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Parents' Guide to Mirror's Edge Catalyst (PEGI 16)

In collaboration with the Games Rating Authority, here’s our parent’s guide to Mirror's Edge Catalyst.

1. Genre

Mirror’s Edge Catalyst is an action adventure game which casts the player as Faith, a free-running courier in a dystopian future.

The game is played from a first person perspective, unusual for a game based on exploration and agility. Play involves traversing the rooftops and climbing the walls of a corporate-controlled city, as well as engaging in balletic unarmed combat with the security guards and other enemies who get in your way. Unlike the very linear original game, Mirror’s Edge Catalyst takes place in an open-world city allowing freedom of exploration.

While the main campaign is single player and there is no simultaneous multiplayer, Catalyst offers players the chance to create, share and compete in time trials.

Catalyst is the follow-up to Mirror’s Edge, but its first person parkour gameplay within an open world city is also reminiscent of last year’s Dying Light.

2. PEGI Rating

In the UK and Europe, PEGI rates Mirror’s Edge: Catalyst PEGI 16, suitable for over 16s, for moderate violence.

The Games Rating Authority expand on their PEGI details by stating that the game features ‘realistic violence, the majority of which consists of hand-to-hand combat’ ‘normally seen from a first person perspective’, though fights are also seen ‘in third person view in cut-scenes’. In a cut-scene a character is ‘strapped to a stretcher, convulsing while he is interrogated, but no violent action is depicted explicitly.’

3. Story

In the city of Glass, Faith Connors is one of a group of ‘runners’, illicit couriers who live off the grid and cross the city rooftops with their parkour skills. After discovering a conspiracy at the heart of KrugerCorp, one of the corporations that run, the city, Faith is hunted and must fight back.

4. Developer

Mirror’s Edge: Catalyst is developed by EA DICE, the Swedish developer behind the first Mirror’s Edge game as well as the Battlefield series.

5. Format

Mirror’s Edge: Catalyst is available for PS4, XBox One and PC, for around £40 or $60. More expensive collector’s editions are available.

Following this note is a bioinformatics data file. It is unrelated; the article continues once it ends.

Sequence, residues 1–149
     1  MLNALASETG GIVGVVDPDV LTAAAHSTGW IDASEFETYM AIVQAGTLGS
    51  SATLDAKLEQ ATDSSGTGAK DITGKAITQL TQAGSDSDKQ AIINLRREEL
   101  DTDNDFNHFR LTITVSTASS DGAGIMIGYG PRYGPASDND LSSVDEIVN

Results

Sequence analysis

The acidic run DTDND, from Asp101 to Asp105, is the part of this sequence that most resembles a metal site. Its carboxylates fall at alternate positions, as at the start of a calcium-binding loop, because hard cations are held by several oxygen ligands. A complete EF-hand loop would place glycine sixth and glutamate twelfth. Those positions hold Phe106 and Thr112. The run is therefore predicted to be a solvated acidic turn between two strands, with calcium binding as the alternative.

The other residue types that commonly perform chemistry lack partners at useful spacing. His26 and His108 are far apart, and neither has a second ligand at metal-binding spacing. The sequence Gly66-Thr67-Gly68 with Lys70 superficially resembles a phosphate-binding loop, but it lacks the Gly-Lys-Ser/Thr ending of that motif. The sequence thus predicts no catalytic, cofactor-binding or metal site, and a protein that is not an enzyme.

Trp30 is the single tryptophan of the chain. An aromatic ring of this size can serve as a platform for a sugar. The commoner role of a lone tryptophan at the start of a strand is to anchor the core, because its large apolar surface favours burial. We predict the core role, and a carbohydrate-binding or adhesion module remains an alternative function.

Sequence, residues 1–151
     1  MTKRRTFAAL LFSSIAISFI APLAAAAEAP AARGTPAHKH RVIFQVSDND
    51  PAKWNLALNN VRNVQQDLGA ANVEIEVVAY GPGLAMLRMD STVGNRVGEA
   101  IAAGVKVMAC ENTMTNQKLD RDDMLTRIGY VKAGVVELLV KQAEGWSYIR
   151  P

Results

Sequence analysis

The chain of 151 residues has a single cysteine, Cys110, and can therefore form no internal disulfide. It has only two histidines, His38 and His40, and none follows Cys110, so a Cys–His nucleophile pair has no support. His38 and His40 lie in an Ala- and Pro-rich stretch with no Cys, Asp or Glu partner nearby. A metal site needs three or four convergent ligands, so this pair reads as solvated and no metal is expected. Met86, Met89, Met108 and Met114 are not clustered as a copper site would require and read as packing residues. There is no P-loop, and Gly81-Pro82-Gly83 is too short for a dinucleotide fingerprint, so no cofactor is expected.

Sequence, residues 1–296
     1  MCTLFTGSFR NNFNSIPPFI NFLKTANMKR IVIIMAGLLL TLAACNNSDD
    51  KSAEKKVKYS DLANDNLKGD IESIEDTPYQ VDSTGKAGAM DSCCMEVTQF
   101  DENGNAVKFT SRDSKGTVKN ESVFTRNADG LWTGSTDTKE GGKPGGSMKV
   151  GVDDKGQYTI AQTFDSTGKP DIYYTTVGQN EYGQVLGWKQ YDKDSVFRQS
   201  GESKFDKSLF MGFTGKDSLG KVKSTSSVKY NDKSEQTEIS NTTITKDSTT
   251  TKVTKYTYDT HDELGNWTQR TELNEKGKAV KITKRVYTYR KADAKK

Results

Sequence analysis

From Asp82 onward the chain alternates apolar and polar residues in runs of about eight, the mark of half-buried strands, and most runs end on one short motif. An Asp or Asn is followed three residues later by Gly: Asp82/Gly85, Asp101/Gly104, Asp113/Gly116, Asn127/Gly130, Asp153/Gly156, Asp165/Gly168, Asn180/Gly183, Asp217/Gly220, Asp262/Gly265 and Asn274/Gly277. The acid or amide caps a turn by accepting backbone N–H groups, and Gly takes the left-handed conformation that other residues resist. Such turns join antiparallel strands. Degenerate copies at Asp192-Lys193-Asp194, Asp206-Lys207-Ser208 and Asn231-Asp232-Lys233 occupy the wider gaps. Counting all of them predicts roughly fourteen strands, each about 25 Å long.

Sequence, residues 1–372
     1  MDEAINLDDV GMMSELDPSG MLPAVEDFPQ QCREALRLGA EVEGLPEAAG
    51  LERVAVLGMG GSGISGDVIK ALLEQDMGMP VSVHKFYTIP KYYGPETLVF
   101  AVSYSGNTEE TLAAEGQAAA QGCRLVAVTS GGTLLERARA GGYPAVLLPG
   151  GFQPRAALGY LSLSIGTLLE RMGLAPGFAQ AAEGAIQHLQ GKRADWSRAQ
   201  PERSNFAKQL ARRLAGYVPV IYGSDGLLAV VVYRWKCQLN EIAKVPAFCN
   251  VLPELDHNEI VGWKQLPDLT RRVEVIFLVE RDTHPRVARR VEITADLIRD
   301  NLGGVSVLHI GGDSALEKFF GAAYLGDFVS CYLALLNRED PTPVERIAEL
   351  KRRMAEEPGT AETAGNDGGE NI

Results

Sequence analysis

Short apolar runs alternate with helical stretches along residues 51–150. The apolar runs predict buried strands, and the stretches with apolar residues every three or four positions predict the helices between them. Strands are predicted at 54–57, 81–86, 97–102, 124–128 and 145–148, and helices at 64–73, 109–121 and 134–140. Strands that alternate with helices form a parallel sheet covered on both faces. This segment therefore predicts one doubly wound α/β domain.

6. Duration and Difficulty

The original Mirror’s Edge had a campaign that took six hours to beat, depending on ability, but the more open structure of Mirror’s Edge: Catalyst and the opportunity to share time trials should provide extra hours of play in the follow-up.

7. Themes

Mirror’s Edge: Catalyst presents a dystopian future where the city of Glass is run by a conglomerate of 13 corporations, and where runners live off the grid to avoid the rules and restrictions imposed by that conglomerate. In showing a future where individuals have few rights in the face of overwhelming corporate power the game feels like a plausible dystopia that’s not too far away, even if the neck-tattooed free running heroes feel like a contemporary vision of rebellion that will be dated very soon, if not already.

8. Why people play:

The appeal of the original Mirror’s Edge was twofold, in the exhilarating, vertigo inducing first person platforming, and the sharp clinical design of its future cityscape. Catalyst aims to build on both, with an even greater, stomach lurching sense of height and distance as Faith explores Glass, and even more environments that combine clean white surfaces with blocks of bold colour. Improvements abound too - the cut-scenes and in-game action now have a consistent look, and the open world gameplay reduces the sense of being directed down a very straight-line.

A complete overhaul of combat replaces the extremely unwieldy system in the previous game, providing fights where Faith never picks up a gun but instead flows directly from parkour into attacks that use her agility and momentum to take out bad guys. The original was a distinctive game, and this follow-up focusses that vision even further to present a unique futuristic action experience.

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Andrew Robertson
Andy Robertson is the editor of AskAboutGames and has written for national press and broadcast about video games and families for over 15 years. He has just published the Taming Gaming book with its Family Video Game Database.